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Netanyahu's Unity Appeals Rejected

Israel's Labor Party on Monday rejected Benjamin Netanyahu's appeal to join his future government, hindering the hawkish leader's efforts to create a stable, moderate coalition that would enjoy international support.

The centrist Kadima Party had already reacted coolly to Netanyahu's alliance overtures the night before, making him more likely to rely on a narrow coalition of nationalist and religious parties that could halt peace talks with the Palestinians, harm Israel's ties with Washington or break apart over conflicting domestic agendas.

Labor Party leader Ehud Barak, Israel's current defense minister, said he told Netanyahu his dovish party would serve as a "responsible, serious and constructive opposition."

Netanyahu, undeterred, pledged to keep courting both Labor and Kadima.

"I am not going to give up in this," he said. "I want to try to make every effort to form a national unity government."

Kadima, led by Foreign Minister Tzipi Livni, won 28 of parliament's 120 seats in the Feb. 10 election, one more than Netanyahu's Likud. However, Netanyahu was appointed to put together the next government because he has the support of a majority of the elected lawmakers. Netanyahu, a former prime minister, now has six weeks to do so.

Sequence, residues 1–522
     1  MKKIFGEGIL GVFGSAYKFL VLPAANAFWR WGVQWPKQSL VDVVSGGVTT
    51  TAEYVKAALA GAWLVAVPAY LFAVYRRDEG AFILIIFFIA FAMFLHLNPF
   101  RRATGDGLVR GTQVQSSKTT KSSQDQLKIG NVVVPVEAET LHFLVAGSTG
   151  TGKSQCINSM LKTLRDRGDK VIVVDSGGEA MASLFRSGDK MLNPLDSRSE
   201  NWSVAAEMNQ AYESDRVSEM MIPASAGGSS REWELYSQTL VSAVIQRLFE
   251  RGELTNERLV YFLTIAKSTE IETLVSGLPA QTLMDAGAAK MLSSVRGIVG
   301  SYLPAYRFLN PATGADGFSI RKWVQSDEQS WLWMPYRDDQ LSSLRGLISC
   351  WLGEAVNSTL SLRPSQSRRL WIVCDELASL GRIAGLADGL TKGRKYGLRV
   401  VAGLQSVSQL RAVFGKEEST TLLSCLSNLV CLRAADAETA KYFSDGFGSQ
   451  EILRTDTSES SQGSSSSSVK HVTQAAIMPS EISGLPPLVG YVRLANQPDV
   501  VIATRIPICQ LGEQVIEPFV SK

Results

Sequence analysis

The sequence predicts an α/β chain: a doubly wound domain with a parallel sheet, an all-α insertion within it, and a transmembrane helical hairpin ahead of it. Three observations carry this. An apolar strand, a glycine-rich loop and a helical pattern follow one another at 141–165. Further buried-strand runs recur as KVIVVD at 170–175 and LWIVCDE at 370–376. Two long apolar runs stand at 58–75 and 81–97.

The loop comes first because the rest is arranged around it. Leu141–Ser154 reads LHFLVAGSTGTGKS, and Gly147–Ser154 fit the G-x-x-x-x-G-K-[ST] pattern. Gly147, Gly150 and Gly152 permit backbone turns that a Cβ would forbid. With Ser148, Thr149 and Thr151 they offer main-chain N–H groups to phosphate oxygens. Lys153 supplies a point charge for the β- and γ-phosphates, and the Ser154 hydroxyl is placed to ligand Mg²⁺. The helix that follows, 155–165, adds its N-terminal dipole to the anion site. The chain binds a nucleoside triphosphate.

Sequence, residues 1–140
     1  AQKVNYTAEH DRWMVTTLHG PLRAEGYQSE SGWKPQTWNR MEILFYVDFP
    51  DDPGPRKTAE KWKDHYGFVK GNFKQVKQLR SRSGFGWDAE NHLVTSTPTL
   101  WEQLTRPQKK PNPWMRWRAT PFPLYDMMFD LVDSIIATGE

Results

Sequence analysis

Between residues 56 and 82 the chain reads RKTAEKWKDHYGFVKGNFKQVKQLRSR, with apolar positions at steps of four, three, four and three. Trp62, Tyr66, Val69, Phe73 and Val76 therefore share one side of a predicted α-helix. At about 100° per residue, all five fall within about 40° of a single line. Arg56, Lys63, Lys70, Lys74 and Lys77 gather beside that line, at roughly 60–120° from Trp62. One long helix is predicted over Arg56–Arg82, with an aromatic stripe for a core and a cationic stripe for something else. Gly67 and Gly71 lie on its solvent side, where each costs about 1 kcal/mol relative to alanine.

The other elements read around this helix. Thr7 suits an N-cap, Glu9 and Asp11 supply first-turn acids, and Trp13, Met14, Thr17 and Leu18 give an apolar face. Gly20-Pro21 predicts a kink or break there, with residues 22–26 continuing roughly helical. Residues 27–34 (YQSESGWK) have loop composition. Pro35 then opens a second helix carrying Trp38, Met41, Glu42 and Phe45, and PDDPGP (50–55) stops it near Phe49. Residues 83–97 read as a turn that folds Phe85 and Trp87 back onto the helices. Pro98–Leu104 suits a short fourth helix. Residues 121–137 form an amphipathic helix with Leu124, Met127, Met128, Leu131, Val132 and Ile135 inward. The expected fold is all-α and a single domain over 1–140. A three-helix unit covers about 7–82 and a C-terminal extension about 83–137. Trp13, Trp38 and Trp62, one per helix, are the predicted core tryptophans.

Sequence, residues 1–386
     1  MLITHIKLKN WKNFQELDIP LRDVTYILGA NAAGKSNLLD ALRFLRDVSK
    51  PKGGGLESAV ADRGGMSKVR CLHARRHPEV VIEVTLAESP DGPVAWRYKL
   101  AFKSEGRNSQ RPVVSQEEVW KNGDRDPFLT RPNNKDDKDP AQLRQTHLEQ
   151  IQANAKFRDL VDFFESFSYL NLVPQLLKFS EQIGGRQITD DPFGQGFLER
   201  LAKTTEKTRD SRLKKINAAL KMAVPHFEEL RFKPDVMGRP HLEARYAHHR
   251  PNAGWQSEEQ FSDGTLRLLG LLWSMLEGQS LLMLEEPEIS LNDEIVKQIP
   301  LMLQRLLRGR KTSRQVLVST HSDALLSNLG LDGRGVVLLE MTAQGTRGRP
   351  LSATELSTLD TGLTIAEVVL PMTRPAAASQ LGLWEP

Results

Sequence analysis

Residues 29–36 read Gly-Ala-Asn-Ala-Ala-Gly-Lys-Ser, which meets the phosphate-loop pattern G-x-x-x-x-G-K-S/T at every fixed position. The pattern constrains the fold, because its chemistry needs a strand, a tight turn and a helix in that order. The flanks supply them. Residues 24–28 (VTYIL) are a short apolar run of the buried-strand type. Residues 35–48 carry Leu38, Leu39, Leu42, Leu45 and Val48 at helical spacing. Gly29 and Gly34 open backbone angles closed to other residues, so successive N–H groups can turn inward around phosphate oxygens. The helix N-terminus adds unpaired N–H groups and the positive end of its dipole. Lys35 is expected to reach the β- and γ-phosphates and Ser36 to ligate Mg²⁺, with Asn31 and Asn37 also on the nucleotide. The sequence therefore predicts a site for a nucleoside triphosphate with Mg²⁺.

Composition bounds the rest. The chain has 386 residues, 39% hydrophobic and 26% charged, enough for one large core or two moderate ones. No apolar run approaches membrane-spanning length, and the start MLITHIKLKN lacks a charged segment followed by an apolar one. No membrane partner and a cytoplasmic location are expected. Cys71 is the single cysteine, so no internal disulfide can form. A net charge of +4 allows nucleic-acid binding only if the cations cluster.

Netanyahu can easily piece together a coalition of right-wingers who take a hard line against territorial concessions to the Palestinians and have serious disputes among themselves on religious issues. But such a government is likely to face strong opposition both within Israel and from the Obama administration, which has declared its eagerness to push aggressively for a Mideast peace deal.

Although Labor and Kadima both support the concept of a Palestinian state, Kadima is considered key to any moderate alliance because of its size.

But after meeting with Netanyahu late Sunday, Livni said the two remained divided over peacemaking with Palestinians and indicated she, too, was headed into the opposition.

"We didn't reach any agreement. There are deep disagreements on this issue," she said. "This evening did not move us forward on the core issues in a way that we can talk about a joint path."

Livni might be open to joining a coalition with Netanyahu if he were to let her serve as prime minister for half of his term, a so-called "rotation agreement" that Israel has used in the past. But he has rejected such an arrangement.

Ehud Olmert, Israel's outgoing prime minister, continues in a caretaker role until Netanyahu forms a new ruling coalition.

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